Post by: Dr. Adam Naylor, AASP-CC
While attending the 2009 Boston Hockey Summit the name of an important influence in my professional career was mentioned. Coach Boyle commented that Peter Friesen, strength and conditioning coach for the Carolina Hurricanes, was in town for a game and might be dropping by the conference. The impact of a strength coach on a sport psychology guy can be unclear at best, but in 2000 Coach Friesen recruited a handful of Carolina players to participate in my dissertation research. We exchanged only a couple of notes and I doubt Coach Friesen recollects this assistance, but the value of getting access to NHL players for research and helping a doctoral student become a doctor is as they say, “Priceless.”
The research itself examined professional hockey players, who was influential during their professional years, and how much impact these important others had on their performance (Naylor, 2001). Eighty-two different individuals were identified as influences on players during their minor league careers through retirement from the NHL. Within this social network, it was found that at about the age of 20 players perceive their relationship with their strength and conditioning coaches as important as close friends. The strength of this influence only increased as one’s career went on, with strength and conditioning coaches and athletic trainers being viewed as more important than skill and bench coaches when a player was in his thirties (in most instances the only people of greater importance at this time were wives and children!). The importance of teachings on strength and health were exemplified in a 13 year NHL veteran telling me the key to his longevity was, “Bottles of water and the exercise bike.” Certainly the increased importance of strength and conditioning professionals can be explained by the need to maintain an aging body, but if you look closely this is only part of the story.
A lot of personalities and various perspectives were shared at the Boston Hockey Summit, but I suspect the coaches whose athletes made the greatest gains in the weight room and on the ice had one thing in common – close, trusting relationships. Even the best, laid conditioning plan fails to fully benefit athletes if the coach is unable to extend beyond the science of programming. A great coach must chose to be and become a respected and responsive collaborator with the athlete. In examination of strength-coach athlete relationships, McCormick (2002) found that the benefits of a true working alliance in the gym extend beyond increased strength, speed, and injury prevention… self-efficacy grows. More specifically, it was found that college athletes that have close, interdependent relationships with their strength coaches have greater confidence in their ability to succeed both in the squat rack and on the playing field.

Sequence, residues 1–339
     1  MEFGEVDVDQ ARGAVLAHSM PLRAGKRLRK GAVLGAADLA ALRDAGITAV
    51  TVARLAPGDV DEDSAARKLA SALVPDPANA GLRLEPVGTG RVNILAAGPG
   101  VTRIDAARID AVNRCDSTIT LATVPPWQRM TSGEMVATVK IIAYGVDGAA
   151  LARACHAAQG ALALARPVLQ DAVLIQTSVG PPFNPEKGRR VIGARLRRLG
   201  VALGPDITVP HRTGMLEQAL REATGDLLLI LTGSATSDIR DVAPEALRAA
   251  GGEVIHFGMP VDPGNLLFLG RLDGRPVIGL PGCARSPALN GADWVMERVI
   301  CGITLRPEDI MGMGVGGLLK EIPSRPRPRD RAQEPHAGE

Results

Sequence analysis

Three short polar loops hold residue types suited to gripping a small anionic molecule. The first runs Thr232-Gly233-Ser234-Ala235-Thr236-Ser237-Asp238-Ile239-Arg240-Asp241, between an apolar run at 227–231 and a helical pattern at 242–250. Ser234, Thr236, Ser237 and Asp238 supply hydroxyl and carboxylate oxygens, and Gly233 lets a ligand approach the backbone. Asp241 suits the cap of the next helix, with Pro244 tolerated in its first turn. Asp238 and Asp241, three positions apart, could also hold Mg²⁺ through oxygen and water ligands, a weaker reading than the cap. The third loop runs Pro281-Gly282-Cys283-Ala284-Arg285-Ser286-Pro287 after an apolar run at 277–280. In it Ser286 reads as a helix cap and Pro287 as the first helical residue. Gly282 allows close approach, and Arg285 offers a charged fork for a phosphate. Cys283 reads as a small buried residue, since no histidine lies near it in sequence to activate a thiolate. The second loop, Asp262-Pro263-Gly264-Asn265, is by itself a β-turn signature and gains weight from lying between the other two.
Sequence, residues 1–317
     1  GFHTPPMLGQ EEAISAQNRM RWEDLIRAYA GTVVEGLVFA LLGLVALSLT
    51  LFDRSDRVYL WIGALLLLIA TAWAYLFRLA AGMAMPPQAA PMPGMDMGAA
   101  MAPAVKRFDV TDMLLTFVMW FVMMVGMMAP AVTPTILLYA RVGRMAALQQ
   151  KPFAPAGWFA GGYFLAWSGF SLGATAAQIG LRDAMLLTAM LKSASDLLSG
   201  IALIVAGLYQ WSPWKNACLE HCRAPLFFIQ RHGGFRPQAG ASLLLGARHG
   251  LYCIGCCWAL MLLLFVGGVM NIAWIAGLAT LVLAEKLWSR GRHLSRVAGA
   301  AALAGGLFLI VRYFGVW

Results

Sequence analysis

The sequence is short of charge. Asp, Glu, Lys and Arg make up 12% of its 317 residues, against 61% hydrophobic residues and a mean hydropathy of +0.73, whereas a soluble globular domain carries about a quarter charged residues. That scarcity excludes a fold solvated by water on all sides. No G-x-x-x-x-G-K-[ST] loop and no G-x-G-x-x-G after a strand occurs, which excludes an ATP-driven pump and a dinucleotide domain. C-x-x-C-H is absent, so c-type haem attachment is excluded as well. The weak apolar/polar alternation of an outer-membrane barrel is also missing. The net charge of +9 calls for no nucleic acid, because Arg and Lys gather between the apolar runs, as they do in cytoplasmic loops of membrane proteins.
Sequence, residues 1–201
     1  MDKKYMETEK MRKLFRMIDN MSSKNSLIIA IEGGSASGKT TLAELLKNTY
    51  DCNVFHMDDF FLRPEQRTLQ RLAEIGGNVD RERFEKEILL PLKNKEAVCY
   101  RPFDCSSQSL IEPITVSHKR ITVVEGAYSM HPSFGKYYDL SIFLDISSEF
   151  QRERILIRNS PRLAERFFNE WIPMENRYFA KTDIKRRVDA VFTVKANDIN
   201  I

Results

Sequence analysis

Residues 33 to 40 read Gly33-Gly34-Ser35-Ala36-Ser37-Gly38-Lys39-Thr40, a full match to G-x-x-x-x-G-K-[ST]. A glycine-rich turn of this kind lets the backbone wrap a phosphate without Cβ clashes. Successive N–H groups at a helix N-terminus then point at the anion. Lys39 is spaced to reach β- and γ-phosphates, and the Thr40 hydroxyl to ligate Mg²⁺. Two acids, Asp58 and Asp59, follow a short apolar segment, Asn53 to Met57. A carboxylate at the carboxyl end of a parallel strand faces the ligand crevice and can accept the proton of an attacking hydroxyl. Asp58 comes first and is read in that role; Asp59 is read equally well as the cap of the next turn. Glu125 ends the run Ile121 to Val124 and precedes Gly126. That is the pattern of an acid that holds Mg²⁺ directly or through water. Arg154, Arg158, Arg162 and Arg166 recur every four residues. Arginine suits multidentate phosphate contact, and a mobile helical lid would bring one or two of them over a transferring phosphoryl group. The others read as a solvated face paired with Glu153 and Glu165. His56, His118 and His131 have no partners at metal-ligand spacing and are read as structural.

Quality strength and conditioning coaches are important to both their athlete’s physical prowess and mental fortitude. Furthermore, these impacts appear to only increase as the pro athlete ages. Thanks Coach Friesen… for setting these findings in motion and helping a young sport psych guy go from “prospect to professional.” I look forward to the 2010 Summit, while much will be said about the development of strength, speed, flexibility, and the prevention of injuries – I hope between sessions and during casual discussions a dialogue will begin about how great coaches make the science stick and build most resilient athletes – both physically and mentally.
Naylor, A.H. (2001). The Developmental Environment of Elite Athletics: An Evolving System. Doctoral dissertation. Boston University.
McCormick, H.C. (2002). Strength Coach-Athlete Relationships and Self-Efficacy. Doctoral dissertation. Boston University.
Dr. Adam Naylor, AASP-CC. is the Director of the Boston University Athletic Enhancement Center (www.bu.edu/aec). He has serves as a mental conditioning and player development resource for players at all stages of their sports career. More reflections on player development and sport psychology can be found at http://prosportpsychsym.wordpress.com and Dr. Naylor can be reached at firstname.lastname@example.org.
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